Compound adjectives


Cookie Pug in Red by Moro Fenrir, Attribution-NonCommercial-NoDerivs License

Sometimes when we use more than one word as an adjective we need to join those words with a hyphen to show they belong together and make our meaning clear.

For example if we say “man-eating tiger” the hyphen helps us to know that the tiger eats people. If we leave it out—”man eating tiger”—it could mean completely the opposite.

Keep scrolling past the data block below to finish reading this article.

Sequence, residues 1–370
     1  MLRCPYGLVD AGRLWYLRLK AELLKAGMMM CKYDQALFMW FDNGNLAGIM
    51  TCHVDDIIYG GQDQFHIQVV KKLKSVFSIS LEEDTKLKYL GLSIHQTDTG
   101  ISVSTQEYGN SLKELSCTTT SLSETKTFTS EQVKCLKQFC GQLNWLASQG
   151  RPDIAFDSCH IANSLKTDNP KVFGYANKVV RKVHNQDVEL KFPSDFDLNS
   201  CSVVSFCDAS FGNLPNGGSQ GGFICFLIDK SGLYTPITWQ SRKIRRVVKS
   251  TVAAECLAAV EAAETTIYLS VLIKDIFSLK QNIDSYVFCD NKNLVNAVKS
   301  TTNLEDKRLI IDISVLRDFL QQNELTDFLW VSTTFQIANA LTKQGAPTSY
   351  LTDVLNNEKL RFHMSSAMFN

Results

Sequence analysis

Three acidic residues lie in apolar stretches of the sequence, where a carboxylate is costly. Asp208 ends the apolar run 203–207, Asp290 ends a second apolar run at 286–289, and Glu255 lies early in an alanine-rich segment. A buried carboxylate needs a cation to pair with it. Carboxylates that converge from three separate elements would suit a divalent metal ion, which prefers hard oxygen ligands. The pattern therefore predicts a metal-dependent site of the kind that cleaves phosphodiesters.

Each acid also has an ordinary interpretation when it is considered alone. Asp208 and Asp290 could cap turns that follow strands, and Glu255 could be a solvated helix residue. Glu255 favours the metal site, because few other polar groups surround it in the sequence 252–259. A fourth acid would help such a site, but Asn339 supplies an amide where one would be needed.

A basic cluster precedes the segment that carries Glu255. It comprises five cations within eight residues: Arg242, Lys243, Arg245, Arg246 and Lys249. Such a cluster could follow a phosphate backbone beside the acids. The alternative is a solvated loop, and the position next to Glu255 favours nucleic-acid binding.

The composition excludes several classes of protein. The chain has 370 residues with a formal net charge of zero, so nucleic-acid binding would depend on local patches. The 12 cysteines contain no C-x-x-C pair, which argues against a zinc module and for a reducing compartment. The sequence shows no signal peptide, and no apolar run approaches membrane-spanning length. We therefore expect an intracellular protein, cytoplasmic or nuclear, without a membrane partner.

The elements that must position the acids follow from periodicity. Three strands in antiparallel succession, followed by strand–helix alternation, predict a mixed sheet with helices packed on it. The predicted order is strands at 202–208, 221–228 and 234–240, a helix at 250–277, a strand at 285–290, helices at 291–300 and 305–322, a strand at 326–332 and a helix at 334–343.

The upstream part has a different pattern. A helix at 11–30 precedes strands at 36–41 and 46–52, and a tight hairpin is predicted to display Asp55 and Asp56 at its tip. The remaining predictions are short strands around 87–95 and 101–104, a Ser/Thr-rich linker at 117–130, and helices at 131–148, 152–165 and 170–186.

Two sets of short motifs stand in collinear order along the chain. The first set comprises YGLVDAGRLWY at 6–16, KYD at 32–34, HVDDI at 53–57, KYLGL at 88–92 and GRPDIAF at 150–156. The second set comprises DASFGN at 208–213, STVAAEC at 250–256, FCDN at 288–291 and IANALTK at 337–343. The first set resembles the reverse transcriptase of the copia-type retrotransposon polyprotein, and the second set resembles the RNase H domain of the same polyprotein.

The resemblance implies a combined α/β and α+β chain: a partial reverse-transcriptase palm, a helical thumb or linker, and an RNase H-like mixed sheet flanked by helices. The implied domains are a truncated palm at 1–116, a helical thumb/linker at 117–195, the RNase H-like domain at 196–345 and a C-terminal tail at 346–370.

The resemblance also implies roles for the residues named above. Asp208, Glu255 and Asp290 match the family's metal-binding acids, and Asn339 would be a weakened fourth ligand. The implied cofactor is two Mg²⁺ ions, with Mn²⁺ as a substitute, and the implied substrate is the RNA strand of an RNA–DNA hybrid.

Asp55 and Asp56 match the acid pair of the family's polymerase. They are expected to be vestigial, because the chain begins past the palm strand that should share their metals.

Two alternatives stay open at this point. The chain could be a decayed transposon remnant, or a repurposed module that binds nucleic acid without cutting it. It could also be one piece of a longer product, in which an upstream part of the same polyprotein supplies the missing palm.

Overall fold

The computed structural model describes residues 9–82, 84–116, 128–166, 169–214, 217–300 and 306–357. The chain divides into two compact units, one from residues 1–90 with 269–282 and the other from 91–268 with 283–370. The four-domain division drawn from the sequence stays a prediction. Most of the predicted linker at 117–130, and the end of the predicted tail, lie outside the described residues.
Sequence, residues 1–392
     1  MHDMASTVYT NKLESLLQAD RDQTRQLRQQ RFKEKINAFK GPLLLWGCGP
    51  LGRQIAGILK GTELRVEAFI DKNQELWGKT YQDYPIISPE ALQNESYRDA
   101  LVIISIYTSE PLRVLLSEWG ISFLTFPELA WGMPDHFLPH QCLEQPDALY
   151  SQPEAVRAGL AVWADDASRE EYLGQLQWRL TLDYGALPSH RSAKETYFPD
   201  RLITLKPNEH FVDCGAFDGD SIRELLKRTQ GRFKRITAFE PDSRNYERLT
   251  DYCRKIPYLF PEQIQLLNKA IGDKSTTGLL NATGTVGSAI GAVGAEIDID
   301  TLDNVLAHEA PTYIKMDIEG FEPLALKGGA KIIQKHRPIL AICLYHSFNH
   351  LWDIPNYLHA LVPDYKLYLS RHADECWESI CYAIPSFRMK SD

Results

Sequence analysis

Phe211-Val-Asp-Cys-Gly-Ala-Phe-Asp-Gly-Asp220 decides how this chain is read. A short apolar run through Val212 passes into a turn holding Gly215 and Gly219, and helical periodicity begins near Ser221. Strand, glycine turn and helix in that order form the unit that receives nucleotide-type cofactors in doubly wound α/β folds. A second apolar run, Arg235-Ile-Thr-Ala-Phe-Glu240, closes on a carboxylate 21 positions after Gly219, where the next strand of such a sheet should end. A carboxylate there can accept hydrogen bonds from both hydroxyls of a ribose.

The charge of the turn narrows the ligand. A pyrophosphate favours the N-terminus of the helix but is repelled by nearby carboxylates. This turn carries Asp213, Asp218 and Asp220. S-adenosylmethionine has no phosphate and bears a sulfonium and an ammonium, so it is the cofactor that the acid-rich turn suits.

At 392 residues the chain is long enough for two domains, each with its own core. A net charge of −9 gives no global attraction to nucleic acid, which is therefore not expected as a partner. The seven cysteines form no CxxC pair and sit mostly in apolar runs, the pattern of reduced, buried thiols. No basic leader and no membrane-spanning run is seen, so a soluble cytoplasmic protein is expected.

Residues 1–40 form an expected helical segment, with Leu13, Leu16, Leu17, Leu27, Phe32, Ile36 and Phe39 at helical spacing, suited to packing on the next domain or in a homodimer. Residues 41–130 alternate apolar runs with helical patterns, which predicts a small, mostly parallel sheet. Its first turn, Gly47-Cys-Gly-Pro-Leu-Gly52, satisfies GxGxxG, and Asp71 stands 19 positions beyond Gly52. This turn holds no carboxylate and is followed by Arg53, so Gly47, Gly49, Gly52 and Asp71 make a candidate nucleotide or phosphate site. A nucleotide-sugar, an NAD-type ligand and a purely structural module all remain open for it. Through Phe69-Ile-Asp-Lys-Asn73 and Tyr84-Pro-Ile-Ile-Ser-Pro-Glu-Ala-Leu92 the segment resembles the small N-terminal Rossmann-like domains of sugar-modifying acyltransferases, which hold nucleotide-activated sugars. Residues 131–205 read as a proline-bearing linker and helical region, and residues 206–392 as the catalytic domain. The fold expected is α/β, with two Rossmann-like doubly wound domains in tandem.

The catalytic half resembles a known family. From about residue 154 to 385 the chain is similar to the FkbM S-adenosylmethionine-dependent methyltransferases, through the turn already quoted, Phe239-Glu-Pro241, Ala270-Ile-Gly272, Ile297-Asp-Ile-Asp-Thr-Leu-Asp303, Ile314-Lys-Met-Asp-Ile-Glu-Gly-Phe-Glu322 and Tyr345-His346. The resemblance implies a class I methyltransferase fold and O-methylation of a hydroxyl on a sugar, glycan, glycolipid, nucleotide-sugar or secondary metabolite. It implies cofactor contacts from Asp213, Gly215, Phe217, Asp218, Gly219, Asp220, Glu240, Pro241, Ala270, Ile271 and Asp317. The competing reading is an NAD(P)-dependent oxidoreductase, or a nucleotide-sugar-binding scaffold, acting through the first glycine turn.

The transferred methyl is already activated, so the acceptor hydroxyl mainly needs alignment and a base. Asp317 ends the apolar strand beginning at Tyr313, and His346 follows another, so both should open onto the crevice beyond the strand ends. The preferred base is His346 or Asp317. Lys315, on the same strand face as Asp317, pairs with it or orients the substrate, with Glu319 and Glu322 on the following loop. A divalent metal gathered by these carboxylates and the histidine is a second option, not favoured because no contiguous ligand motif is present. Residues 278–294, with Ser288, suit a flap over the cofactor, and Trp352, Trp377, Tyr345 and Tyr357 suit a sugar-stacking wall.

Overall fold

It’s not always the case that the meaning changes so dramatically if you leave out the hyphen, but including hyphens in the right places does help the reader and improves clarity. Examples include “virus-associated clinical signs”, “antigen-stimulated cytokine release”, “domestic short-haired cat”. And if you are talking about the dog pictured above, you may want to talk about a short dog wearing a coat—”a short, coated dog”—or a dog wearing a short coat—”a short-coated dog”.

It can be hard to know when you need a hyphen and when you don’t. This short video by Uncle Mike from soisitjustme gives some good examples and a quick trick to help tell.



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